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Publication numberUS5862741 A
Publication typeGrant
Application numberUS 08/911,714
Publication dateJan 26, 1999
Filing dateAug 15, 1997
Priority dateAug 15, 1997
Fee statusLapsed
Also published asWO2000025645A1
Publication number08911714, 911714, US 5862741 A, US 5862741A, US-A-5862741, US5862741 A, US5862741A
InventorsJosef Wodeslavsky
Original AssigneeWodeslavsky; Josef
Export CitationBiBTeX, EndNote, RefMan
External Links: USPTO, USPTO Assignment, Espacenet
Indoor and outdoor smokeless grill
US 5862741 A
Abstract
An indoor and outdoor smokeless grill comprising a housing which contains at least two openings, one at the bottom and one at the top. The housing consists of a water tank, which is situated between the openings of the housing. The housing is situated on a heat source such as a stove, whereby the hot air that rises from the burner of the stove will bypass the tank and will cook the meat that is situated on a grill that is disposed on top of the housing. When fat from the meat melts, the fat will drip into the water tank, such that fat will not drip on the heat source, thus grilling the meat while avoiding the smoke that results from the burning of the fat.
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Claims(12)
What is claimed is:
1. An indoor and outdoor smokeless grill, comprising:
a hollow housing having a first end and a second end, at the first end the hollow housing has at least one inlet for letting in hot burning air from a heat source, at the second end, the hollow housing has at least one outlet which directs the hot burning air from the inlet to an external grill situated on top of the outlet, the hollow housing further has lips extending from the housing into the hollow portion of the housing, the outlet is a continuation to the inlet such that a first portion of the housing between and including the second end and the lips is maintained at temperatures in which liquids and particles dropping from grilled food on such first portion of the housing cannot burn and smoke; and
a first liquid container located in said hollow housing under the lips, such that the position and location of the first liquid container permits optimum hot burning air flow from the inlet to the outlet, allowing the hot burning air to reach the grill, the container receives liquids and particles melting from the grilled food, and the container further receiving liquids and particles traveling down the first portion of the housing defined between the second end to the lips, preventing such liquids and particles from reaching the heat source and the second portion of the housing.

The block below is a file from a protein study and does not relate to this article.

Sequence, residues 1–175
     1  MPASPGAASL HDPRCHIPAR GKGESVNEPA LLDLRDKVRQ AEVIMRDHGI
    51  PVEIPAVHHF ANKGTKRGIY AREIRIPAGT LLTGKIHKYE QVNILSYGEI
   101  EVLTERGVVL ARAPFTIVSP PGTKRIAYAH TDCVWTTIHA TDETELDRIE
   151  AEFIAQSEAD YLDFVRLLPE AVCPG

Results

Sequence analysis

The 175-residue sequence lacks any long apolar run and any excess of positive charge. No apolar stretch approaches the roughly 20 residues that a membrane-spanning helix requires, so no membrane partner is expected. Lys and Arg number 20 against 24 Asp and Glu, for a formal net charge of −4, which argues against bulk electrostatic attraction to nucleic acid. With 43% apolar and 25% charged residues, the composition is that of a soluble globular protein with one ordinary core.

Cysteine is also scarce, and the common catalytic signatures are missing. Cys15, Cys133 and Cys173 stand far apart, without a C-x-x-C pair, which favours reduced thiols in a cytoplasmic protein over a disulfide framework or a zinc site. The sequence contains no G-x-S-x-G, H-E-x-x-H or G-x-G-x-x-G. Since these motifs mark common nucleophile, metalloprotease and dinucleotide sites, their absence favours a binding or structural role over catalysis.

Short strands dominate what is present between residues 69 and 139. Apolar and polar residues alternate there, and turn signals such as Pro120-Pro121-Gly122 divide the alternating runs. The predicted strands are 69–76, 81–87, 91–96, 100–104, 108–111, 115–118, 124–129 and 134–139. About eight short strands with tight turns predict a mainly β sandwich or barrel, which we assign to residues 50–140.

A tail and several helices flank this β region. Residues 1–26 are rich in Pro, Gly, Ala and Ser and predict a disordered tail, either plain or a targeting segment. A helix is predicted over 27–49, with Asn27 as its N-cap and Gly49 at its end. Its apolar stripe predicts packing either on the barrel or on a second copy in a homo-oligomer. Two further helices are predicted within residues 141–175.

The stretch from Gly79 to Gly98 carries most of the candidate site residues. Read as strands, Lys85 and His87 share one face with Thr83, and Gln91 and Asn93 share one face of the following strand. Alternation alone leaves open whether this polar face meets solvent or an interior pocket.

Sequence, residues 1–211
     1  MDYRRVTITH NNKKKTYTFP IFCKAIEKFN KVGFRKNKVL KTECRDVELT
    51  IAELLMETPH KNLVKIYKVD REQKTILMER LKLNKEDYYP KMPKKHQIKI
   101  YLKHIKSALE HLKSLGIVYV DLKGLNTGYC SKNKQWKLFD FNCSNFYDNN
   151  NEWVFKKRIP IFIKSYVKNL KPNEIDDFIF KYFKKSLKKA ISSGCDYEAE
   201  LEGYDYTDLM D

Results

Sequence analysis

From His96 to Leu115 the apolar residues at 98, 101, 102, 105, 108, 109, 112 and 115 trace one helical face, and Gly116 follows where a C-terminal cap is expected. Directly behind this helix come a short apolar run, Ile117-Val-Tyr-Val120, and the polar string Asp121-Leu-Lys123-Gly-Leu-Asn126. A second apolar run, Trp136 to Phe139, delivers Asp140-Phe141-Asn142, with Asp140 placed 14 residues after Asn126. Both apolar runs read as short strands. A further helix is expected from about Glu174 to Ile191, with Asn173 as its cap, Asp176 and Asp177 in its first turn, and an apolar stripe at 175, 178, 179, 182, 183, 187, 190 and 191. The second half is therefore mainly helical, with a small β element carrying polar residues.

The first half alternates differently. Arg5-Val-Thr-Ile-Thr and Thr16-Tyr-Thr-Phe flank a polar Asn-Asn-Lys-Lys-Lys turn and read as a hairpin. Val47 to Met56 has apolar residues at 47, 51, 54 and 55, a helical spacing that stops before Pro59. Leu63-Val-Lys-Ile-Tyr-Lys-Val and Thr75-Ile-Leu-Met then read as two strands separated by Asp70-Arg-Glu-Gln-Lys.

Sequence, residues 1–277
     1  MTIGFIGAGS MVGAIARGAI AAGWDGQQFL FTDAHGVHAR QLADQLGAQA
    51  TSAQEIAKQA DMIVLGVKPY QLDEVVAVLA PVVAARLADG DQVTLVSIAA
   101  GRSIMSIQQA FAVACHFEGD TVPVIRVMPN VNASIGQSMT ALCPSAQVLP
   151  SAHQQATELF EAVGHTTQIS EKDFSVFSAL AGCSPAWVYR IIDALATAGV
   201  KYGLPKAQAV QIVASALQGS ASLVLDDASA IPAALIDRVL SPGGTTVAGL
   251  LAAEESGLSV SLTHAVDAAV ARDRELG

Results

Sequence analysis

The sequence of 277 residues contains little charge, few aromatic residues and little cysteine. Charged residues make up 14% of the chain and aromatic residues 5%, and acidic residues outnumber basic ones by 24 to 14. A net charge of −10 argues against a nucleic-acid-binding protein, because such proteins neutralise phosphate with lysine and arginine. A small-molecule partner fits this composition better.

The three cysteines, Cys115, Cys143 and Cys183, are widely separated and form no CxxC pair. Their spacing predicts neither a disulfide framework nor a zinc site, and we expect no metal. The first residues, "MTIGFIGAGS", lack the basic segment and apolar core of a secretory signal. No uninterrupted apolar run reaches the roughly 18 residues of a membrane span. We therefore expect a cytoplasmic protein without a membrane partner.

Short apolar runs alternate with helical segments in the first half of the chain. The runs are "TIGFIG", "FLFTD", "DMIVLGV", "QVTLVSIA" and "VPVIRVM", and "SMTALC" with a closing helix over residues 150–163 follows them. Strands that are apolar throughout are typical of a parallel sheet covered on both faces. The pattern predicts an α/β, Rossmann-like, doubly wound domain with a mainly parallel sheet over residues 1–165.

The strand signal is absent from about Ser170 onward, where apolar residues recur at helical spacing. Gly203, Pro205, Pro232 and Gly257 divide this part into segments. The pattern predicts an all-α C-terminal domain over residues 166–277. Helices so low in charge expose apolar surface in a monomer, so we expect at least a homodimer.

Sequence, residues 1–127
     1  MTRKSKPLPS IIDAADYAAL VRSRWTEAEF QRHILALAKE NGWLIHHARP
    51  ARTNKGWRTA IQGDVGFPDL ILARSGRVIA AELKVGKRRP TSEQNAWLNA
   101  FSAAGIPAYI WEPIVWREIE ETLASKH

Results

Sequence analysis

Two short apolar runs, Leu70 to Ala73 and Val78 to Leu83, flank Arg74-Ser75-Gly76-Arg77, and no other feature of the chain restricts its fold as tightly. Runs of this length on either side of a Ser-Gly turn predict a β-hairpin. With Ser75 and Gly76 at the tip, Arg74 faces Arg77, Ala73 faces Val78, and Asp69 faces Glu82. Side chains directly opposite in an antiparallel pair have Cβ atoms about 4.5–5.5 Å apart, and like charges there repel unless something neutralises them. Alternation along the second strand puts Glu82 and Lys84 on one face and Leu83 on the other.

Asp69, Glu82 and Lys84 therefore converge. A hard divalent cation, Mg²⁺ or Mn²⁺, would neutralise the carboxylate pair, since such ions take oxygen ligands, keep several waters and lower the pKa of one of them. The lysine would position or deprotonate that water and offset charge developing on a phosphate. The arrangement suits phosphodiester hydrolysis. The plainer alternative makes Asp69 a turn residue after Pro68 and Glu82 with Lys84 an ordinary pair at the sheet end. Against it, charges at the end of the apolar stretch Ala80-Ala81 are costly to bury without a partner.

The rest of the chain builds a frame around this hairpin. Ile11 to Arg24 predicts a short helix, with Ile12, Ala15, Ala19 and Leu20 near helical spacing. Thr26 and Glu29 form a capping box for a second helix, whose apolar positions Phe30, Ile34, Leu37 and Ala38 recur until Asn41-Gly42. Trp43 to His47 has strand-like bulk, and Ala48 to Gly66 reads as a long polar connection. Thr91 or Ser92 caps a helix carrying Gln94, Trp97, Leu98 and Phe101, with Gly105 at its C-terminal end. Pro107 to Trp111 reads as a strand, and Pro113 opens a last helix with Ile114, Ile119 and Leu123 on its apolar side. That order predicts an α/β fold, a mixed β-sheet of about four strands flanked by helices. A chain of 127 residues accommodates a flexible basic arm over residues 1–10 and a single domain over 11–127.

2. An indoor and outdoor smokeless grill as in claim 1, further comprising a second container situated above the lips, under the grill, the second container having a passage therethrough for allowing the hot burning air to pass through the second container to the food and for letting said liquids and particles falling and melting from the food to drop to the first container.
3. An indoor and outdoor smokeless grill as in claim 2, wherein the second container is a second liquid container filled with a liquid, which is heated up by the heat source to produce moisture under the grill.
4. An indoor and outdoor smokeless grill as in claim 1, wherein the first container has a cone shape.
5. An indoor and outdoor smokeless grill as in claim 1, wherein the first container is vertically adjustable, allowing the first container to be adjusted up and down relative to the heat source and the grill.
6. An indoor and outdoor smokeless grill as in claim 5, wherein the first container is automatically vertically adjustable by means responsive to temperature change.
7. An indoor and outdoor smokeless grill as claimed in claim 1, having means that restrict and control the flow of said hot air to the food.
8. An indoor and outdoor smokeless grill as in claim 7, wherein the means responsive to temperature change is a bimetal which pushes the first container away from the heat source when the temperature of the hot burning air reaches a first predetermined temperature and releases the first container to drop toward the heat source when the temperature drops below the first predetermined temperature.
9. An indoor and outdoor smokeless grill as in claim 1, wherein the first container is a first liquid container filled with a liquid, which is heated up by the heat source, the liquid in the first liquid container produces moisture under the grill.
10. An indoor and outdoor smokeless grill as in claim 1, wherein the outlet is relatively broader than the inlet.
11. An indoor and outdoor smokeless grill, comprising:
a hollow housing having a first end having at least one inlet for letting in hot burning air from a heat source, a second end having at least one outlet, the hollow housing further having a neck portion between the first and second ends, the housing having a geometry such that the neck portion is narrower than the at least one inlet and the at least one outlet is broader than the neck portion, the relative sizes of the openings of the inlet, the neck portion and the outlet are such that the hot burning air entering from the at least one inlet is concentrated by the neck portion onto a central portion of the at least one outlet, maintaining an upper area of the housing between the second end and the neck portion at temperatures which do not burn liquids and particles;